How to Use Free Cloud Storage and Unlimited Online Backup Together

By | August 18th, 2015

The 4 Layers of Data Backup

Where do you store your files? This has become a modern dilemma, thanks to the proliferation of online storage services like Dropbox and Google Drive and online backup services like Backblaze. Using multiple services offers additional protection for your precious data, but you don’t want your files scattered everywhere either. Here’s my layered approach for keeping my files in sync and backed up.

As someone who used to manage the backups at a small company, I can tell you that the most important word when it comes to backups is redundancy. So if it seems like I go a little overkill with my backup and file storage plan, it’s because I know that hard drives can fail at any time, files get accidentally overwritten, and houses (with computers in them) get flooded or burned down. Having a system in place gives me peace of mind that if and when things go wrong, I’ll be able to recover quickly. The more layers to the system, the better.

Layer 1: Unlimited Online Backup

With unlimited online backup services as low as $5 a month (or even less, if you sign up for a yearly or multi-year plan), using one of these services is a no-brainer. If you’re only going to do one thing to protect your data, this is what I’d recommend as the minimum, for a few reasons. The first is the ease of use. Manually backing up your files is a chore, but with an online backup service, it’s done quietly, regularly, and automatically for you. It’s literally set and forget. The second reason is you don’t have to think about what to backup or worry about how much room you have to store your files, unlike using cloud storage services like Dropbox, which give you a limited amount of space. In addition to the files on your computer, external drives get backed up too. Also, your files are encrypted first so no one else can read them–a critical backup feature when you’ve got files with sensitive information, like your tax returns or that embarrassing photo of you after you got the world’s worst haircut.

The biggest reason why I think this should be your first layer, though: Unlike local backups (say, to an external hard drive), your data is saved off-site and protected from things like computer theft or natural disasters. Back when I was doing backups as my job, unlimited backup services didn’t exist. To get the security of off-site backups, we had to alternate backup drives and take ones we swapped out to another location, which was a pain. But now you can get that protection without moving from your living room.

What to store here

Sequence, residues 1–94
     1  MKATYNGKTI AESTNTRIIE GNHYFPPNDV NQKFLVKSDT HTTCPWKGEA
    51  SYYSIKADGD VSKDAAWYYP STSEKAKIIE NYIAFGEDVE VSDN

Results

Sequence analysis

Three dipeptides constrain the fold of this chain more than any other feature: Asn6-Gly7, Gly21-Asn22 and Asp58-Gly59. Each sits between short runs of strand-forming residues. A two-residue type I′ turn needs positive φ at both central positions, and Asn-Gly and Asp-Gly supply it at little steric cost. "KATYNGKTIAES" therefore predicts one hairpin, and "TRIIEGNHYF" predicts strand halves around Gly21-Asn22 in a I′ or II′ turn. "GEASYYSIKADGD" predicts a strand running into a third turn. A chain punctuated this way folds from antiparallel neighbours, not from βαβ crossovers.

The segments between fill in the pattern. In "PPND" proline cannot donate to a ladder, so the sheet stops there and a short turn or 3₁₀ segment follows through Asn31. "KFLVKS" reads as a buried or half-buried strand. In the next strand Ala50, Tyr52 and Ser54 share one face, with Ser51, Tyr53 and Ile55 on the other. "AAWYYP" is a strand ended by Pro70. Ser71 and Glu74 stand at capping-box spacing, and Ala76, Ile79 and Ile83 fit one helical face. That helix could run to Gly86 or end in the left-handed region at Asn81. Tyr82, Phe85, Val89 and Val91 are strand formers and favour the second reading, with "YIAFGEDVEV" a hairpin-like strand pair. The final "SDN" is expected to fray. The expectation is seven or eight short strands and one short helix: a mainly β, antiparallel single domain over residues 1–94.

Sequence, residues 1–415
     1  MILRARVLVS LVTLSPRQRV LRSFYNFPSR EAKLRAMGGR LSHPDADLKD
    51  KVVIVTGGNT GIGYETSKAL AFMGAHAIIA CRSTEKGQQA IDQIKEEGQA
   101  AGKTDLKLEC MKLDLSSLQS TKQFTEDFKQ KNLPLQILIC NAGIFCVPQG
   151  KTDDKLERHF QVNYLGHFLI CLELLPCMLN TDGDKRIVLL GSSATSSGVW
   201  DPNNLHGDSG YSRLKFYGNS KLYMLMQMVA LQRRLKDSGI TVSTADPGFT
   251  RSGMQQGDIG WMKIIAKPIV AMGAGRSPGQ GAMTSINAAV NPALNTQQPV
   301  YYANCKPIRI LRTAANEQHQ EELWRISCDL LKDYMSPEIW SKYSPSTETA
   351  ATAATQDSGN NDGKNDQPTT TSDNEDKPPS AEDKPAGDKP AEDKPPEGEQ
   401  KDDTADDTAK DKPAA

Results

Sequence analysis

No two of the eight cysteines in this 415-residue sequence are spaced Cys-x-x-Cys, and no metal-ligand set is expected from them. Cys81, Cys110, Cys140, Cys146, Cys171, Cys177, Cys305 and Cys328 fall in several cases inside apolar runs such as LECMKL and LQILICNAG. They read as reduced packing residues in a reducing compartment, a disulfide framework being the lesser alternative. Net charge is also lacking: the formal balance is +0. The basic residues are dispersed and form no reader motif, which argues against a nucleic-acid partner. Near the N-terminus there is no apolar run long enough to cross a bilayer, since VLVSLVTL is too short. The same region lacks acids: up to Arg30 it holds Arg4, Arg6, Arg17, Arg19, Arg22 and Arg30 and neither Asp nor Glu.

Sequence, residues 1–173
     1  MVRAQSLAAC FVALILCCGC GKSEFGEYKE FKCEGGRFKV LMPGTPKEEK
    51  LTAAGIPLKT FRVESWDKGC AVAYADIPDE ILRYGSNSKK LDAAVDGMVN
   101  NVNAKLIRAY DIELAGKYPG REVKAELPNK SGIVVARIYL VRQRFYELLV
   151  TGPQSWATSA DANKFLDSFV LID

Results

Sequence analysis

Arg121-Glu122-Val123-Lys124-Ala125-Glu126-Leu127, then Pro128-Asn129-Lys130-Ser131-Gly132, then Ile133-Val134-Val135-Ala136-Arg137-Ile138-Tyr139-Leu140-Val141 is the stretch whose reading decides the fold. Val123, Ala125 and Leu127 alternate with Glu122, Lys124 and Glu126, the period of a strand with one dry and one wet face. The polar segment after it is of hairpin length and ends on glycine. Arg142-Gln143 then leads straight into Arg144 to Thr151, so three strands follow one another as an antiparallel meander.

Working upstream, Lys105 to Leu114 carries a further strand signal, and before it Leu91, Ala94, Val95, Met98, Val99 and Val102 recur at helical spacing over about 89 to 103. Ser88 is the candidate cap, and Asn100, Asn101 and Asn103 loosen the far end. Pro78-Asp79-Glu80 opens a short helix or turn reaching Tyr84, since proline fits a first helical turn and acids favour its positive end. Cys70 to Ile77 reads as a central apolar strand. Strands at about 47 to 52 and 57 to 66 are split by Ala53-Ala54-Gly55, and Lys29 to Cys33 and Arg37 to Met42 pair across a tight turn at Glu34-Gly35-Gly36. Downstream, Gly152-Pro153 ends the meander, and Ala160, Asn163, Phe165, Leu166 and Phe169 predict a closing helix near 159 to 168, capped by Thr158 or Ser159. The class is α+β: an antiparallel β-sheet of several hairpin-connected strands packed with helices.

All of your important data (automatically).
Layer 2: An External Drive

Whether you’re backing up Windows or a Mac, it’s important to have an additional copy of your important files saved elsewhere besides just your computer. Both operating systems have built-in tools to automatically save multiple versions of your documents and other files, as well as create a system image (snapshot of your computer) in case of emergency.

You can also use a network drive for this, such as a NAS (network attached storage), but I like external drives because they’re inexpensive and you can quickly grab it if you need to (e.g., the fire alarm goes off or you’re heading to your vacation home for a few months). Because my laptop’s SSD drive is miserably small, I also store my largest files here–irreplaceable photos and videos. Again, these are also automatically backed up with the online backup service.

What to store here

System image backup, file version backups (e.g., Mac’s Time Machine or Windows’ File History), large files that can’t fit on your computer hard drive. If you store important files on here that have sensitive information, make sure you encrypt them first, with a tool like
7-Zip, in case the drive gets lost or stolen.

Layer 3: Dropbox, OneDrive, and/or Google Drive

Online storage and file syncing services aren’t the same as backup, but they come in handy when sharing files with others or if you need to access the files from another computer or mobile device.

Each service has its merits and disadvantages. You could choose just one to use, which would make organizing your files simple (just store the files you want synced in the dedicated folder) or use a combination of these services. If you do use multiple cloud storage services, it helps to have clear rules for what you’re going to store on each, so it’s easier to find your files. For example, I use:

    • Dropbox for work in progress files. I find that Dropbox is fastest at syncing files over my local network and it integrates well with other apps.
    • OneDrive for Microsoft Office files, because of the unlimited space for Office documents.
    • Google Drive for backups of photos (see below) and shared Google Docs. It seems most people have a Google account, so it’s easier to share a spreadsheet or document with them from Google Drive.

What to store here:

Files you need to access instantly from anywhere or share and collaborate on with others. Don’t store files with sensitive information here unless you encrypt them first.

Layer 4: Flickr and/or Google Photos

Finally, there’s an additional layer I use for photos and videos, because these are my most valuable files and also the kind I regularly share. Although they’re backed up with the online backup service, I also use Flickr’s and Google Photos’ automatic upload tools to save copies of my photos from my external hard drive to their online storage. Flickr gives you 1TB of free space and Google Photos offers unlimited storage if you keep the photos at standard resolution. Also, these services automatically back up photos from smartphones, which is a great benefit.